Jarrar succeeded Alber Elbaz, who left the brand after 14 years in October 2015 following disagreements with its Taiwan-based Chinese owner, Shaw-Lan Wang.
Jarrar, a talented couturier who shuttered her namesake house to focus on Lanvin, and was last week made an Officer of the Order of Arts and Letters, one of France’s highest honours, has been unable to single-handedly revive the brand, which has suffered from falling revenues amidst a lack of investment since the days of her predecessor.
“I have pressure,” she admitted in a March interview with the South China Morning Post. “I wanted to dedicate my whole self to Lanvin, to relaunch the maison and brand, so I shut my own label down… But I need the whole house’s support; alone it’s impossible.”
Meanwhile, her minimal, tailored aesthetic was a departure from Elbaz’s much-loved draped eveningwear, and a new direction was always going to take time to resonate with consumers in a way that came anything close to what Elbaz achieved in his 14-year tenure. “That personal connection that Alber fostered between the brand and the audiences was deep,” said Caroline Issa, chief executive and fashion director of Tank magazine, in a September interview with BoF.
Ultimately, initial sell-through has been underwhelming, and in June Lanvin reported a 23 percent fall in revenue for 2016, down to €162 million after a net loss of €18.3 million. By comparison, in 2015 it reported a profit of €6.3 million, and in 2012, at the label’s peak, revenues were reported at €235 million.
The news of Jarrar’s departure follows a catalogue of issues at Lanvin. The company is said to have appointed advisory firm Long Term Partners to conduct an audit and recommend ways to reduce the company's costs, prompting rumours of layoffs.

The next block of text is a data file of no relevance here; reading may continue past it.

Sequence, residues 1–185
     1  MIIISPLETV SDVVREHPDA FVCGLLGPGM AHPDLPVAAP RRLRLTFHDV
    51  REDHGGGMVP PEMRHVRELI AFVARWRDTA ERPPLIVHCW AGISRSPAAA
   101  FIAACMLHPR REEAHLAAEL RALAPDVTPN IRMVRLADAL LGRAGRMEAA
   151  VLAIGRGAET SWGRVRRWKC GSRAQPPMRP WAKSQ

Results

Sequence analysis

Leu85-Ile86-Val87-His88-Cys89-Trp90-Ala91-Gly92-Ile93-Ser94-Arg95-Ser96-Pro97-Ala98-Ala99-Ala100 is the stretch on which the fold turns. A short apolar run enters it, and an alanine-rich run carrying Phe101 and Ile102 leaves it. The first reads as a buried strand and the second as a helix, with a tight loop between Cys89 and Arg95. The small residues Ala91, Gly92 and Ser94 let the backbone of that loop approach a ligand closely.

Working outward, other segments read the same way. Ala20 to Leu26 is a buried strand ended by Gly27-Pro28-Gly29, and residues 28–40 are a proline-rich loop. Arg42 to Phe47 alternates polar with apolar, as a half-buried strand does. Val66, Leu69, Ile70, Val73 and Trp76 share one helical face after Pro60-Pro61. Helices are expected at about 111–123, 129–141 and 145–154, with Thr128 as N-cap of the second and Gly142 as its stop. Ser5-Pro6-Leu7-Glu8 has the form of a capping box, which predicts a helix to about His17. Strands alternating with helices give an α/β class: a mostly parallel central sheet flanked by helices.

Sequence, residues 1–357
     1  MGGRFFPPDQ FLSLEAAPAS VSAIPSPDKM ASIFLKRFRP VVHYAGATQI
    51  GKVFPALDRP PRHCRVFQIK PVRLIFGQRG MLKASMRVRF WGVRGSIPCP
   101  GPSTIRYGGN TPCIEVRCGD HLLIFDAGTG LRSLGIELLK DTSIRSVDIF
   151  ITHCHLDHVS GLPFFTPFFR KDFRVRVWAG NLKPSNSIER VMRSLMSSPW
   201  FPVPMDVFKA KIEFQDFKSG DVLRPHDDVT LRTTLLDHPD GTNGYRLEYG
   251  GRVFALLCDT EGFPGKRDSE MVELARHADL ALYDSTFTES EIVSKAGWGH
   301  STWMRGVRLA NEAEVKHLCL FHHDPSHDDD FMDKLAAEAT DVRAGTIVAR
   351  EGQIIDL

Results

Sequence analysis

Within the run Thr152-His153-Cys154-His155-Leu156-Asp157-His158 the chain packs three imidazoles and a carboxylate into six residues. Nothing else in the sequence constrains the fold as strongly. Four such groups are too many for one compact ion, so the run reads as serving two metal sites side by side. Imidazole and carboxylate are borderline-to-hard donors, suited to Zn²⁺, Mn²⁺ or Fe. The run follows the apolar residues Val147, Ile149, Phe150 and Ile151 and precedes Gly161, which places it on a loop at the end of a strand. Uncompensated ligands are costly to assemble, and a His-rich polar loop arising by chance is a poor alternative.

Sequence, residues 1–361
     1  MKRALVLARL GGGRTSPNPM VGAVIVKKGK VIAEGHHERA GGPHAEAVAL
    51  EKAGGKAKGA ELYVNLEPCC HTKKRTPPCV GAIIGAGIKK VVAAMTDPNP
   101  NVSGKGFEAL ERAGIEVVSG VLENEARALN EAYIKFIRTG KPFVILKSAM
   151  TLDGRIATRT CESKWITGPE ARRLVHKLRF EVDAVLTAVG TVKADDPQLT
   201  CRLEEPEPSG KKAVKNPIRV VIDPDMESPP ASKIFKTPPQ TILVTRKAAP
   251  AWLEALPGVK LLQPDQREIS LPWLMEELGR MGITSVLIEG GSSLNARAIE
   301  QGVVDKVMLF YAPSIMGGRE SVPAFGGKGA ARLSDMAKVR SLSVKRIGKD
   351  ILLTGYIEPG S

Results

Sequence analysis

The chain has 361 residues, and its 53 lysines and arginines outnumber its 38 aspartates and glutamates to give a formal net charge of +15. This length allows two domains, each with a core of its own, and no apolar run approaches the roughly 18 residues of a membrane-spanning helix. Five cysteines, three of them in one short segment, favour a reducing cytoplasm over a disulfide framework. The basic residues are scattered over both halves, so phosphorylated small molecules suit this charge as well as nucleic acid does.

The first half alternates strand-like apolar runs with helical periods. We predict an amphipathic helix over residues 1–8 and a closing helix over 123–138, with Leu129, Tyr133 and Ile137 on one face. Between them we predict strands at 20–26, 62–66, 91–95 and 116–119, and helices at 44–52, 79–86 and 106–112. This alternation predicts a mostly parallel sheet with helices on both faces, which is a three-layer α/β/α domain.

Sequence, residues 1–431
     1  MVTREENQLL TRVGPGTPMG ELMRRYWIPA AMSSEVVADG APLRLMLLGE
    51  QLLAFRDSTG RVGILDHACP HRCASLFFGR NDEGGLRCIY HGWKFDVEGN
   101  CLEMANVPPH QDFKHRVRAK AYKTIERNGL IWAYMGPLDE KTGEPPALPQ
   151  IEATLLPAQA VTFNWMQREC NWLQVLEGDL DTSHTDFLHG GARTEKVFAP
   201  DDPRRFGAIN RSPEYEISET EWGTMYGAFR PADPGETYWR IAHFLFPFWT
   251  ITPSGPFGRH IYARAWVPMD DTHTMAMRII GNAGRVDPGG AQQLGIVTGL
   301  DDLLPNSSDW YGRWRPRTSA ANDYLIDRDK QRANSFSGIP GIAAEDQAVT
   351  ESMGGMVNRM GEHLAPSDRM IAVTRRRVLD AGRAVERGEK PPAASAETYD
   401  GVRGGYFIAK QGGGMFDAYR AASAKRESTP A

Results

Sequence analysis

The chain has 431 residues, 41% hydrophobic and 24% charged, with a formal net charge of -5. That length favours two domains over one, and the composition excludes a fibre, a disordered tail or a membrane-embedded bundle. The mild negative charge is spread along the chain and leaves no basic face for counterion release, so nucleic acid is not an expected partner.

Founded in 1889, Lanvin is one of France's last major independent fashion brands. Wang, who became the brand’s controlling shareholder in 2001, has been reluctant to invest in the brand for many years. According to reports, she would not let her associate Swiss investor Ralph Bartel, who owns 25 percent of Lanvin, inject more cash into the business to support the brand as it would dilute her stake.
"He disagrees with the options chosen by the management and wants an urgent change in strategy," a source told Reuters of Bartel.
A representative for Lanvin did not respond to a request for comment at the time of publication.
Updated 7:45pm GMT on 6th July, 2017:
In a statement issued to press Thursday evening, Lanvin confirmed Bouchra Jarrar's departure. It read:
Lanvin and Bouchra Jarrar have mutually decided to put an end to their collaboration. This decision is effective as of today. Madame Wang wishes to thank Bouchra Jarrar who since her arrival brought her talent to serve the company. Bouchra Jarrar thanks Madame Wang for her trust. She wishes most particularly to acknowledge the work of the teams with who she collaborated to express creativity and French know-how. Bouchra Jarrar will now concentrate on new projects.